“Lex” means the level of a worker’s total exposure to noise in dBA, averaged over the entire workday and adjusted to an equivalent 8‑hour exposure measured in accordance with section 219 and based on a 3 decibel exchange rate;

                                          “ladderjack scaffold” means a scaffold erected by attaching a bracket to a ladder to support the scaffold planks;

                                          “lanyard” means a flexible line of webbing or synthetic or wire rope that is used to secure a full body harness or safety belt to a lifeline or anchor point;

                                          “leading edge” means the edge of a floor, roof or formwork for a floor or other walking/working surface which changes location as additional floor, roof, decking or formwork sections are placed, formed or constructed;

                                          “life jacket” means personal protective equipment capable of supporting a person with the head above water in a face‑up position without the direct effort of the person wearing the equipment;

                                          “lifeline” means a synthetic or wire rope, rigged from one or more anchor points, to which a worker’s lanyard or other part of a personal fall arrest system is attached;

                                          “light duty scaffold” means a scaffold that

                                          (a)    is designed to support the equivalent of an evenly distributed load of not more than 122 kilograms per square metre, and

                                          (b)    has planks with a span of not more than 3 metres;

                                          “low hazard work” means work described in Schedule 2, Table 1;

                                          “lower explosive limit” means the lower value of the range of concentrations of a substance, in a mixture with air, at which the substance may ignite;

                                          “lumber” means wood that is spruce‑pine‑fir (S‑P‑F) or better, of Number 2 grade or better and, if referred to by dimensions, meets the requirements of CSA Standard CAN/CSA‑O141‑05, Softwood Lumber, or the requirements of the NLGA Standard, Standard Grading Rules for Canadian Lumber (2003);

                                          “machinery” means a combination of mechanical parts that transmits from one part to another, or otherwise modifies, force, motion or energy that comes from hydraulic, pneumatic, chemical or electrical reactions or from other sources, and includes vehicles;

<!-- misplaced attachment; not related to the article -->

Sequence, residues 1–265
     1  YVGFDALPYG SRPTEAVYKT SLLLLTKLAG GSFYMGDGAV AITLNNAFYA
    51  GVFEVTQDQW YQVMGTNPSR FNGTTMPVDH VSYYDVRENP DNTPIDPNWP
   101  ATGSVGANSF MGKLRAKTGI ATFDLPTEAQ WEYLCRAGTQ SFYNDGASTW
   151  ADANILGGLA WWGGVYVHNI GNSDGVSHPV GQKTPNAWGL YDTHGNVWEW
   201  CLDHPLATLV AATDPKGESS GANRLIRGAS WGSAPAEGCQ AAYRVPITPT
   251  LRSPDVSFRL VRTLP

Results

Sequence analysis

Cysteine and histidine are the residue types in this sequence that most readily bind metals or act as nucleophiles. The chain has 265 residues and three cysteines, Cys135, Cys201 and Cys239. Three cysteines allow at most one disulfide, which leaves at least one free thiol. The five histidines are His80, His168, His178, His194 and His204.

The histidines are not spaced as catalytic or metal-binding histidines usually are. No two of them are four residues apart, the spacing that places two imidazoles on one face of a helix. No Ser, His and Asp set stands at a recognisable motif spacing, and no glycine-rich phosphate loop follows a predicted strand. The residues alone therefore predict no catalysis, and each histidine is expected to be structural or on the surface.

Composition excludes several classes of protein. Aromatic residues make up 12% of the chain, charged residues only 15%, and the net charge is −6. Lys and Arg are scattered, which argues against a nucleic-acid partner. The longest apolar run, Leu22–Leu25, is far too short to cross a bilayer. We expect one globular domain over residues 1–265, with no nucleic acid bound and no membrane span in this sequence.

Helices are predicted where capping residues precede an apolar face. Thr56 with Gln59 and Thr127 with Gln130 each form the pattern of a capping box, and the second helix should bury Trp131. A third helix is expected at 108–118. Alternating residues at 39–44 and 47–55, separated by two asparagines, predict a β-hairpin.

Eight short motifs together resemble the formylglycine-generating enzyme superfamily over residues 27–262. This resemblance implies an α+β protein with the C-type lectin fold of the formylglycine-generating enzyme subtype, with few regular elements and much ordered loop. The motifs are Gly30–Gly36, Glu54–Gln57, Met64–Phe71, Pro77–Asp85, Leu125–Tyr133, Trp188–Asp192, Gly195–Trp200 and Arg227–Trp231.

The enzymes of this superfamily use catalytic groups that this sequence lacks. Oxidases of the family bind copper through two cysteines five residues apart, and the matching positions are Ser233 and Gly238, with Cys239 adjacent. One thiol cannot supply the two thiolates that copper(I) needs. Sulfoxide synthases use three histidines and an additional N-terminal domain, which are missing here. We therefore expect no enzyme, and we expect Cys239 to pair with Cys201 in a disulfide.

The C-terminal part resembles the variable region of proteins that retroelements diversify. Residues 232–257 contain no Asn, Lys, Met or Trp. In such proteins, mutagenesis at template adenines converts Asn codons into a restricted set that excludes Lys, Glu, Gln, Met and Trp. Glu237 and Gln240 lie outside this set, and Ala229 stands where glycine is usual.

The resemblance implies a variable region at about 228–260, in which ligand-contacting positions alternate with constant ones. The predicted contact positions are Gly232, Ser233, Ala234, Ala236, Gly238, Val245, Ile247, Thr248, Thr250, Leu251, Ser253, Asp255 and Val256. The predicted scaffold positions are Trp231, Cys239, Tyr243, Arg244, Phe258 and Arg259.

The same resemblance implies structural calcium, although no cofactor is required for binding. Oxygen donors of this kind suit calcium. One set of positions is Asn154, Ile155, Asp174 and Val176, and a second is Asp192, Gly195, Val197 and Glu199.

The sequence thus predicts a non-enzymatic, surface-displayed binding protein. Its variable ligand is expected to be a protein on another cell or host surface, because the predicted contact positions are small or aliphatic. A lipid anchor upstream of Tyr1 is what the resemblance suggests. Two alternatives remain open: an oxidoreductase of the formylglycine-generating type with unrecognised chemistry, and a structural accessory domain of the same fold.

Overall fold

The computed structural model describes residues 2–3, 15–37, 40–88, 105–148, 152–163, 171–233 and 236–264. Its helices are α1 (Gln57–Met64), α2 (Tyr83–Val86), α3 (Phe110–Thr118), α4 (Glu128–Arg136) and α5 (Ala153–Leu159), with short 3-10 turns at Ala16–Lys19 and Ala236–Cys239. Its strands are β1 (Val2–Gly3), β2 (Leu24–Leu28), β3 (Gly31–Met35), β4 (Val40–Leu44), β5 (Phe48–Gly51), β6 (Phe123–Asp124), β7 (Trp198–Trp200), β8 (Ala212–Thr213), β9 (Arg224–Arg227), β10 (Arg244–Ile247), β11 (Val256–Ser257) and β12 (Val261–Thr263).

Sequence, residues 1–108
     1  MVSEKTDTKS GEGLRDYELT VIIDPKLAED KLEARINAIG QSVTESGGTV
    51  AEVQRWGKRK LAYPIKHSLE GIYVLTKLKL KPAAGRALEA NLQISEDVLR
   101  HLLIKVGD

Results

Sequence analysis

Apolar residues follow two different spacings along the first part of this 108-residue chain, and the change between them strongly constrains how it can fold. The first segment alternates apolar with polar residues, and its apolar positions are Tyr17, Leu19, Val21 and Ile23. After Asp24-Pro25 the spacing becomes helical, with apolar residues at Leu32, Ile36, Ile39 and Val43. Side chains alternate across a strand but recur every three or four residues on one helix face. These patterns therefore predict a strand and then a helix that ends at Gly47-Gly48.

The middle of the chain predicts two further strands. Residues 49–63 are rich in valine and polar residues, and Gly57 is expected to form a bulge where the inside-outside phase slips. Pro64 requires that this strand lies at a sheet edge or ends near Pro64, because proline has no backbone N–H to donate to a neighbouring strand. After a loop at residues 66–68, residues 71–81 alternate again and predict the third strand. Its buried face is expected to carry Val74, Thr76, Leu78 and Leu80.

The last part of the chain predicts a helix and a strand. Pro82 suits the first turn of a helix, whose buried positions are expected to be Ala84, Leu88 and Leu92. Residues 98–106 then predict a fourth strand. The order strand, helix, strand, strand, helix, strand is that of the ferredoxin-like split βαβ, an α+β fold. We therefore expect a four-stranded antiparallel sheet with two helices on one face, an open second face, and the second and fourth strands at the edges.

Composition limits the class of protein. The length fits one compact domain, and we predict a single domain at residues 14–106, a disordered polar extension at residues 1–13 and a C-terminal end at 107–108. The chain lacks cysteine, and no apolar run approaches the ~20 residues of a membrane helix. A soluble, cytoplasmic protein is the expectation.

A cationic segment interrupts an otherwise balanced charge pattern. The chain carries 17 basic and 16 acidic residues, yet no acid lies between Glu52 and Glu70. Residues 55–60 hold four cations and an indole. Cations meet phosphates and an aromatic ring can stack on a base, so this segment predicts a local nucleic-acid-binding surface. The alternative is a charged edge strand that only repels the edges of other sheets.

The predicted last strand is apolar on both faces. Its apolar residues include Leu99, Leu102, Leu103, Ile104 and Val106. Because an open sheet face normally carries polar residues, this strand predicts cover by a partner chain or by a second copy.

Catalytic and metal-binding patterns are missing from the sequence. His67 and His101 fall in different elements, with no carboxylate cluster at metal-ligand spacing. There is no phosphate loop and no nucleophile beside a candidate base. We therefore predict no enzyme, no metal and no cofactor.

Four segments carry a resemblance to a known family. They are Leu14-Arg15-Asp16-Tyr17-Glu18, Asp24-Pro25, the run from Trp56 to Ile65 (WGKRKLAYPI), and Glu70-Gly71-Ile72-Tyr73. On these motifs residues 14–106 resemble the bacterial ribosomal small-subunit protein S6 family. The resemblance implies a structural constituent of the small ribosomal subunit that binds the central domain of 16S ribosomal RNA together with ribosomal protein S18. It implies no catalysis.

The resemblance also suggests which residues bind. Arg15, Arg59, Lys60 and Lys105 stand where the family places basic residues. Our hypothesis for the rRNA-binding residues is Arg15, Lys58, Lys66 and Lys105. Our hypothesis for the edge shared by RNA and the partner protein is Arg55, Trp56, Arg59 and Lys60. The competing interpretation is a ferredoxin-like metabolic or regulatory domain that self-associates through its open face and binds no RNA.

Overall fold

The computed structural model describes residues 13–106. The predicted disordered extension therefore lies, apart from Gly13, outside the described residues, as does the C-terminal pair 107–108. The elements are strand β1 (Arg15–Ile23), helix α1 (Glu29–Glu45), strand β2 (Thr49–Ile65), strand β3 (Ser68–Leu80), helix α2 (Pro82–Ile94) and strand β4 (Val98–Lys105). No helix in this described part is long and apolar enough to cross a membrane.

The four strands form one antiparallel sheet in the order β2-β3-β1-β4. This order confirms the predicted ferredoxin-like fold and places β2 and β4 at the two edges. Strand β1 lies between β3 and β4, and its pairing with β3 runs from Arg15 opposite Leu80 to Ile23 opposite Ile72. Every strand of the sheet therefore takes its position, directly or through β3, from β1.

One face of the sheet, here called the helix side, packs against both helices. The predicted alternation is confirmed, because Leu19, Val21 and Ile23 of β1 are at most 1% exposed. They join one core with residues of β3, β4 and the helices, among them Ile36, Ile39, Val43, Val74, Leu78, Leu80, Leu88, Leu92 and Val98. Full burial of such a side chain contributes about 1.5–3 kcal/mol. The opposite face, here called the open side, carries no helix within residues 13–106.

“magazine” with respect to explosives means a building, storehouse, structure or place in which an explosive is kept or stored, but does not include

                                          (a)    a vehicle in which an explosive is kept for the purpose of moving the explosive from place to place, or,

                                          (b)    a place at which the blending or assembling of the non‑explosive component parts of an explosive is allowed;

                                          “manufacturer’s rated capacity” means the maximum capacity, speed, load, depth of operation or working pressure, as the case may be, recommended by the specifications of the manufacturer of the equipment for the operation of the equipment under the circumstances prevailing at the time it is operated;

                                          “material hoist” means a hoist that is not designed to lift people;

                                          “medical sharp” in Part 35 means a needle device, scalpel, lancet or any other medical device that can reasonably be expected to penetrate the skin or other part of the body;

                                          “medium hazard work” means work that is neither low hazard work nor high hazard work;

                                          “meets the requirements of” means a manufacturer’s self‑declaration that the product complies with the referenced standard is acceptable;